Posted by: viewfromtheriva | June 22, 2014

IKS Festival brings international contemporary theatre to Split

Every year here in Split the iks international festival of contemporary theatre is held and this year the lineup is especially impressive with programs from Spanish, Slovenian, Croatian and Italian artists.

We saw Sad Sam Lucky last night, a one-man performance piece by internationally celebrated director/choreographer and actor Matija Ferlin, who was born in Pula and resides there despite more than decade of living, working and performing all over the world.  He spend a lot of time in Berlin, perfecting his technique, and in 2012 won Croatia’s most important theatre award for directing and choreography.


Sad Sam Lucky is an evolving piece first performed several years ago.  Its inspiration is the poetry of Srecko Kosovel who was born in Sezana in 1904 and died of meningitis when he was only 22.  He left a legacy of more than 1000 poems, none of which were published during his lifetime. Since then, his work has been celebrated in a number of books, the most recent of which was published in 1977, “Integral”.

the program was a little black book with some of Kosovel's poetry as well as information about him and Fermin

the program was a little black book with some of Kosovel’s poetry as well as information about him and Ferlin

The poems, considering the age of the author and the backdrop of WW1, are highly charged yearnings for love, understanding, the angst of youth, the frustration of politics and more.  Stream of consciousness fragments more than rhyme, they evoke both coming of age and a deep passion for trying to make sense of a world in the process of losing its humanity.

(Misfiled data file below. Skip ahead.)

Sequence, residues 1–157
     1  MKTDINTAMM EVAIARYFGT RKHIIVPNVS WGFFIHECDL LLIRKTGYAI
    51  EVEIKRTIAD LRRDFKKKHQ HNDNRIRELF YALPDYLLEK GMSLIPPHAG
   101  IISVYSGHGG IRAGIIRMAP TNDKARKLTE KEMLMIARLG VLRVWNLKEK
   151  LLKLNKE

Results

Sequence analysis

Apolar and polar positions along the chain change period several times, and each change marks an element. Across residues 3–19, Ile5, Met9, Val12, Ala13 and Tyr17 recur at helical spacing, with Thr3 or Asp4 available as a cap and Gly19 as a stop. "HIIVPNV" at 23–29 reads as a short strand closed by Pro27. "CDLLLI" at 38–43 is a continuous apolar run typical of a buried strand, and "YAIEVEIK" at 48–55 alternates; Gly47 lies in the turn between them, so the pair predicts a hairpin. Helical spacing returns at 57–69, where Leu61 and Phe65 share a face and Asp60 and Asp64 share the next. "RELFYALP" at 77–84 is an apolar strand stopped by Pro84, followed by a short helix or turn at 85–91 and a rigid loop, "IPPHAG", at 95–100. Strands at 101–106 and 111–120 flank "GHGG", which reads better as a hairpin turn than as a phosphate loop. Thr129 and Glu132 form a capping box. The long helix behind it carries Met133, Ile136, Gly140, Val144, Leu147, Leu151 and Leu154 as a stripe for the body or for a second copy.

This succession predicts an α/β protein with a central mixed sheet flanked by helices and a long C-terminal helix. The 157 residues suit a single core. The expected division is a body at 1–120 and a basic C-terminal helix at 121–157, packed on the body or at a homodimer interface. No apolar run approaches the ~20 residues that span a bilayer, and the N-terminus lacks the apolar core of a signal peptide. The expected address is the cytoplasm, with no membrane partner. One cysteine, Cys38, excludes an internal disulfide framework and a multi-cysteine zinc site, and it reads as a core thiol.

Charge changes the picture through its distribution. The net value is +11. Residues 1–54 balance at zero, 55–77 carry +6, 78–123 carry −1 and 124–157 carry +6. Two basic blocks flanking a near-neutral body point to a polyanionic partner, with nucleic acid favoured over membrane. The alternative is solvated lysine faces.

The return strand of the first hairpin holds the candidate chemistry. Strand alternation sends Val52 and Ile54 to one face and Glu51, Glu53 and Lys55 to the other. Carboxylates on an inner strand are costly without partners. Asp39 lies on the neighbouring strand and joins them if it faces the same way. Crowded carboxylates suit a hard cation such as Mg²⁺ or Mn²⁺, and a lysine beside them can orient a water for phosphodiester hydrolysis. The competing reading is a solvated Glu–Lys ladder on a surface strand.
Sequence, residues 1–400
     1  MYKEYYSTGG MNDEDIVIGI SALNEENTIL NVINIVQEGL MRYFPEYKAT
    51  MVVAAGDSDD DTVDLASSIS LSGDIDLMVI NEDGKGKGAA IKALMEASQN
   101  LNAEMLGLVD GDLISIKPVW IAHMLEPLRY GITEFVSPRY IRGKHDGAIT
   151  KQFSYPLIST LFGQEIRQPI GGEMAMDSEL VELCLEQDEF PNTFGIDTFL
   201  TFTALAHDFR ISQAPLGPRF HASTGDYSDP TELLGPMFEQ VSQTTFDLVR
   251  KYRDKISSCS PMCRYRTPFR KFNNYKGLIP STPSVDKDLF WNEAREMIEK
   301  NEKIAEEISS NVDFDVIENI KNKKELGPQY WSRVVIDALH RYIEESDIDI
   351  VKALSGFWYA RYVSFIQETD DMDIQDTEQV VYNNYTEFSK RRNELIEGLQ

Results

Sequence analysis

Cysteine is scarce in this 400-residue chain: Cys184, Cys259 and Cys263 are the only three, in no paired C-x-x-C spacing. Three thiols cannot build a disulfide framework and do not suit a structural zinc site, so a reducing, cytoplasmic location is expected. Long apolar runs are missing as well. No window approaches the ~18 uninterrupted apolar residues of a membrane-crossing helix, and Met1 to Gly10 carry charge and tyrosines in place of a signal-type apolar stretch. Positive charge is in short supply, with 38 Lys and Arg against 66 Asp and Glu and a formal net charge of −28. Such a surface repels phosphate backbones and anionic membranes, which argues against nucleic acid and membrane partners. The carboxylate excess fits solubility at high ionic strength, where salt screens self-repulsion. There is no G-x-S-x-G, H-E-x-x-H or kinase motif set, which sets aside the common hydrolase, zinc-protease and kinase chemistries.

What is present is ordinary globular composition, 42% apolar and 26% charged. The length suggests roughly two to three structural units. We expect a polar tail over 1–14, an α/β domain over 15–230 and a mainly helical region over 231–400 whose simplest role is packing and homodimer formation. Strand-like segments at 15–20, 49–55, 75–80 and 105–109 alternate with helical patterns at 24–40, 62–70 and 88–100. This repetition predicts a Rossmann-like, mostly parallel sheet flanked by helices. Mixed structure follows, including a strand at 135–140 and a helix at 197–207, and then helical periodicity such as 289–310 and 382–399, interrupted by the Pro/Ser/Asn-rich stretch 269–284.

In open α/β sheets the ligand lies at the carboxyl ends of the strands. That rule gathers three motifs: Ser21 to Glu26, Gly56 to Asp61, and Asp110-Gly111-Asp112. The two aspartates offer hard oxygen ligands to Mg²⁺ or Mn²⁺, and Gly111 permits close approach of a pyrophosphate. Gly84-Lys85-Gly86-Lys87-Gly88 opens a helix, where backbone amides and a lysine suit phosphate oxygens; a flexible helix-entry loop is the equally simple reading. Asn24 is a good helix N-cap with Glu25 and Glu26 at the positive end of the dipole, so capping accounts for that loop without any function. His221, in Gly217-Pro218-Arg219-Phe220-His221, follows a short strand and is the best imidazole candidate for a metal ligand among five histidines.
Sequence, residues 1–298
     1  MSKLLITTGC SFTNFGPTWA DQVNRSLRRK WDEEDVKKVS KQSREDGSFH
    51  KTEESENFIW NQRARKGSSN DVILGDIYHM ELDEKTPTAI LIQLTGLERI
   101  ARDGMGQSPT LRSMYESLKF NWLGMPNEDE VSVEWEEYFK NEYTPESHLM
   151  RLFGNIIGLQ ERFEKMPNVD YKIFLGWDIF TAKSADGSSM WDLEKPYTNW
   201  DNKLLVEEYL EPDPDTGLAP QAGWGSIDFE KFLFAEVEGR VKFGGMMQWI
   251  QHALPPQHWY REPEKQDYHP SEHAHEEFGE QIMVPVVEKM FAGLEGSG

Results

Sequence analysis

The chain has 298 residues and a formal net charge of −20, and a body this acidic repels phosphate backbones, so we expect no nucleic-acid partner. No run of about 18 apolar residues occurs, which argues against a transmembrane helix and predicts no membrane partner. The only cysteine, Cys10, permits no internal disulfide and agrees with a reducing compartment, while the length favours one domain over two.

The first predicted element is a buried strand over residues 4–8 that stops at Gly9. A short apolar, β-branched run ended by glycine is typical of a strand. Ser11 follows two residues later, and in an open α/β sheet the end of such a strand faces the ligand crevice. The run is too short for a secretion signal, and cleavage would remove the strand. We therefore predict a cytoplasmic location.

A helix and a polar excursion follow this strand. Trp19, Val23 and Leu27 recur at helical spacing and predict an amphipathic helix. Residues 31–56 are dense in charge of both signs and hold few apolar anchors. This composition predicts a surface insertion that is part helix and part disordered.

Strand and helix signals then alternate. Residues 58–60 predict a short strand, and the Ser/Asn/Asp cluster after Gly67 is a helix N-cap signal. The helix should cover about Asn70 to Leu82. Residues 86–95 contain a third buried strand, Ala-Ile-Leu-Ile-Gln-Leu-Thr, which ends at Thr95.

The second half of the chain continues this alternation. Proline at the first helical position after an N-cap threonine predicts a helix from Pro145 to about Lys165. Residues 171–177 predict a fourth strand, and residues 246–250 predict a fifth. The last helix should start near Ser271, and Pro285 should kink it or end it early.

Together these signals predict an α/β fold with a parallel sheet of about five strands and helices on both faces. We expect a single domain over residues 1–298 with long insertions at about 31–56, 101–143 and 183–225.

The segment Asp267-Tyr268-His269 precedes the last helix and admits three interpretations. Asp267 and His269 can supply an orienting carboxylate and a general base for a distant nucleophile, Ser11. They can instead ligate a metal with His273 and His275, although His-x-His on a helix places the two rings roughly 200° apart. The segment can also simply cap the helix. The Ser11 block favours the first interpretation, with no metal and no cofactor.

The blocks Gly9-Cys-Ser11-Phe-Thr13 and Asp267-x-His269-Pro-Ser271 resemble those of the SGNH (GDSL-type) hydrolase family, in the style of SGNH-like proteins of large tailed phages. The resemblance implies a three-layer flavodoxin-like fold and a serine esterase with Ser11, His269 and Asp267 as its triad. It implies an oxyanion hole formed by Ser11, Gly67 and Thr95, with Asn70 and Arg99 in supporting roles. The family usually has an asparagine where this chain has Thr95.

After several scenes using Kosovel’s poetry, Ferlin switches to using own material  (his wife is also credited in the program) which is wildly modern and features everything from imaginary conversations, bits of clever whimsy to the kind gut-wrenching physical-facial-emotional work Jerzy Grotowski’s Polish theatre created in the 70’s that many avant-garde performers still embrace today.

On a bare stage with a black wooden table as his only prop, Ferlin begins his piece by stapling pages of Kosovel’s poetry to the table and begins to recite various passages moving around the bare stage as an antagonist.

Eventually he adds movement–astonishingly athletic as it is graceful.  In the final scenes he uses the table as a musical instrument, artfully dragging it across the stage to create a surprising range of tonal sounds.

A wonderful evening, too few in the audience, but a constant reminder of just how important the arts are to this city–what a joy to be able to live in such a place where the sea, sun and tourism are only part of what makes Split so special!





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